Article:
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Consider a Fokker-Planck (FP) equation where the advection term is a function of time, i.e. \begin{align} \frac{\partial P ( x , t )}{\partial t} = -\nabla \cdot \left[ -\mu \, P \, \nabla U (x,t) - D \nabla P \right]. \qquad\qquad ({\rm I}) \end{align} Q1 Are there general steady-state distributions (ie $\partial_t P = 0$) associated with this FP?

if in similarity with the equilibrium case, we set the probability current to zero, we obtain \begin{align} P (x,t) \propto \exp( - \mu U (x,t) / D ), \qquad\qquad ({\rm II}) \end{align} which is time-dependent, and therefore does not satisfy the FP equation.
However, I guess there could exist certain regimes that it can approximate the real solution (for example if $U$ varies slowly with time).

Q2 Under what conditions $({\rm II}$) could approximate the solution to $({\rm I})$? (note that a physical justification could also help).

Q3 In case the system (approximately) reaches the distribution given in $({\rm II})$, what sets the corresponding time-scale?‌ To clarify, I am trying to understand whether this would be a diffusive scale such as $L^2/D$ where $L$ is a typical length-scale in the system, or it would be set by the time dependence of the potential $U$.

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Q1 As you have shown yourself, this equation does not have a steady-state distribution: if we set $\partial_t P = 0$, i.e., if we assume that the solution is time-independent, we still obtain a solution that depends on time, contradicting our assumption.

Q2 and Q3 In some situations one could indeed approximate the solution using form (II). The conditions can be obtained by substituting this form to the original equation and demanding that the residual term is small. One could consider, for example, a situation of approaching this quasi-equilibrium by using conjecture $$ P(x,t) = C\exp\left[-\mu U(x,t)/D\right] + p(x,t), $$ where $p(x,t)$ describes the deviation from the quasi-equilibrium. One could then study whether this perturbation have enough time to dissipate on the time scale of potential $U(x,t)$, which will depend on the diffusion coefficient, the spatial scale of $U(x,t)$, and other spatial scales in the system (e.g., those set by the boundary conditions).

The separation of times is a frequently encountered concept in relation to FPE, notably in the context of diffusion escape from a potential minimum, where the two main scales are the fast establishment of a quasi-equilibroum near the potential minimum, and the slow escape from this minimum. Notably, this problem was extensively studied with inclusion of time-dependent potential barrier height, making it a particular case of the problem discussed here - you may look up Dykman's publications in Physical Reviews, and follow up the references and the citing paper.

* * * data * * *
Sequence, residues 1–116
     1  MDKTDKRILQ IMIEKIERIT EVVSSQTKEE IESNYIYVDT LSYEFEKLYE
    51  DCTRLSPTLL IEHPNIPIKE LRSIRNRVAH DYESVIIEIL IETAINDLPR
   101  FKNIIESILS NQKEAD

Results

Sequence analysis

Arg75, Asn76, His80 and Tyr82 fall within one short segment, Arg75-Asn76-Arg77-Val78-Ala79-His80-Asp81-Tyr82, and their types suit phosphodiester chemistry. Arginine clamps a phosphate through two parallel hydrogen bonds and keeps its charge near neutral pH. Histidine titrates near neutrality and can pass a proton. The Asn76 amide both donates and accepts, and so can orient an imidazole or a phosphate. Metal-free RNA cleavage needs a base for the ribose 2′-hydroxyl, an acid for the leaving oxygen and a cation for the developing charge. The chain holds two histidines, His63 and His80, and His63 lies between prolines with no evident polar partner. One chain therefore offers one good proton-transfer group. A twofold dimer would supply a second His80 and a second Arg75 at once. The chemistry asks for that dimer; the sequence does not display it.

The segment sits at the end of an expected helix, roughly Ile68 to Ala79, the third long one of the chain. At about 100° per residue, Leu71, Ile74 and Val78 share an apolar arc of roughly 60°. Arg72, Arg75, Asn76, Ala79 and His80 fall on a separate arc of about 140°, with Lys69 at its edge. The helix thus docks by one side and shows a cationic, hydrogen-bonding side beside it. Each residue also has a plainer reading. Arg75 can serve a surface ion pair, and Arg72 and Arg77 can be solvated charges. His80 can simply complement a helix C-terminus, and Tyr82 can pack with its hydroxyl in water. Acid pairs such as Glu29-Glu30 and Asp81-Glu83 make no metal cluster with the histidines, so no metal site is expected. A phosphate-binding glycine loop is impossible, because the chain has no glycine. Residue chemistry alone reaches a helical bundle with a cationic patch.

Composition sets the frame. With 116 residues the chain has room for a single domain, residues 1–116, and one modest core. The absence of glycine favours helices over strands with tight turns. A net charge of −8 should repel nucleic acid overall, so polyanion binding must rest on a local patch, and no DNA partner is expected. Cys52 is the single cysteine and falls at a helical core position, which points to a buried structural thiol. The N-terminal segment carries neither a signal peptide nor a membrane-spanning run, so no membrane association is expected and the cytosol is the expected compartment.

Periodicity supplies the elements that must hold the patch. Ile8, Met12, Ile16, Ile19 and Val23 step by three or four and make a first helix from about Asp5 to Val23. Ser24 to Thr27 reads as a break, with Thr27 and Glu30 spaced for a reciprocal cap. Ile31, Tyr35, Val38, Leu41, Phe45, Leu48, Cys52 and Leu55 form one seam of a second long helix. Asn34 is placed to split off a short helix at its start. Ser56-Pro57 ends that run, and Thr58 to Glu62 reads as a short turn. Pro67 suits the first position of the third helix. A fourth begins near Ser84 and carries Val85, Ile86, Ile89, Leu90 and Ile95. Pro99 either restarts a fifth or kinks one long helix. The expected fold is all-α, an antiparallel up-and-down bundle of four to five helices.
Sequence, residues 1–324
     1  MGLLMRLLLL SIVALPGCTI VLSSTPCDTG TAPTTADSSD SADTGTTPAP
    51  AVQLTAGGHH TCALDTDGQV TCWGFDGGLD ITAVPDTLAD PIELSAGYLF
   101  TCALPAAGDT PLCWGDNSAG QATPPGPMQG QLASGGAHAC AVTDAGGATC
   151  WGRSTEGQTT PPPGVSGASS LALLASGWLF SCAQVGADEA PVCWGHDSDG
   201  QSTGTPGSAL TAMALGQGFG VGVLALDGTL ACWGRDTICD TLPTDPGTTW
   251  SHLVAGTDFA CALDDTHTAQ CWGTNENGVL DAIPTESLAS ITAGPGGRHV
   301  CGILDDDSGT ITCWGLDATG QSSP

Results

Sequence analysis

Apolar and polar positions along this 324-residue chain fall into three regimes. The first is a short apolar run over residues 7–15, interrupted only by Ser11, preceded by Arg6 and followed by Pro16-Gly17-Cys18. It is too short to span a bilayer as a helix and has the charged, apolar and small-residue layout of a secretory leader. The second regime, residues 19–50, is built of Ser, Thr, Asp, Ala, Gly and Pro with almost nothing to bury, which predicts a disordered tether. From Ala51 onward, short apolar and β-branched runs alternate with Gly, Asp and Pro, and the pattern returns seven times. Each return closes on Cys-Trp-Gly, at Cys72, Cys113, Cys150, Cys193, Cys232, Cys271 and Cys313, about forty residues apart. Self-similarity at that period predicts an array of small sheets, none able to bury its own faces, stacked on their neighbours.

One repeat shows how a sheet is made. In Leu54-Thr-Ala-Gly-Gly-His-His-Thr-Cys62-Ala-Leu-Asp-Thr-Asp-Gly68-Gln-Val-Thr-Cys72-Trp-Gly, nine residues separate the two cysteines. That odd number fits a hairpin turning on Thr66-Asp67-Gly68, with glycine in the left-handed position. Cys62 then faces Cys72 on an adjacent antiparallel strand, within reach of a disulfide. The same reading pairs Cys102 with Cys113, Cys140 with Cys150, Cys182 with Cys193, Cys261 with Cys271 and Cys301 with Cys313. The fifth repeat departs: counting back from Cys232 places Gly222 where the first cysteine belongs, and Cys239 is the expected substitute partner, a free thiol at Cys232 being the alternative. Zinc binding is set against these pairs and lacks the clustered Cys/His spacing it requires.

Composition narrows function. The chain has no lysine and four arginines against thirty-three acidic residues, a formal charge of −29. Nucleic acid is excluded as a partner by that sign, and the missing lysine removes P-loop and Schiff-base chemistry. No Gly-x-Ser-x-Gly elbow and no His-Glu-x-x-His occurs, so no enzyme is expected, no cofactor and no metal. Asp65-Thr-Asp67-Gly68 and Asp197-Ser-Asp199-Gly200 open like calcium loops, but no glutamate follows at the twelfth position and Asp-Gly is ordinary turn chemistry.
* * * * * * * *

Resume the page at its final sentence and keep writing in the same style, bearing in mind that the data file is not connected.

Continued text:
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  • $\begingroup$ Thanks for your answer. Regarding Q1, I don't fully agree; what I showed is that there is no solution for which the probability current is zero. There may still exist time-independent solutions with nonzero currents for which the divergence of the current is zero. $\endgroup$ – SaMaSo Oct 10 '20 at 15:13
  • $\begingroup$ I am not sure that I understand you: nonzero current means that the solution is time dependent and vice versa. What probably remained unmentioned in my answer is the normalization - there are some scenarios, where it could play a role. $\endgroup$ – Vadim Oct 10 '20 at 15:25
  • $\begingroup$ Thus, one could think about some special examples with absorbing boundary conditions, or sources and sinks... $\endgroup$ – Vadim Oct 10 '20 at 15:39
  • $\begingroup$ Well, in principle you could have $\nabla\cdot\mathbf{J} = 0$ without $\mathbf{J}=0$. This could correspond to a steady-state solution (rather than an equilibrium solution where $\mathbf{J}$ is identical to zero). $\endgroup$ – SaMaSo Oct 10 '20 at 15:44
  • $\begingroup$ in case it was not already clear, $\mathbf{J} = - \mu P \nabla U -D \nabla P$ is what I call probability current. $\endgroup$ – SaMaSo Oct 10 '20 at 15:46

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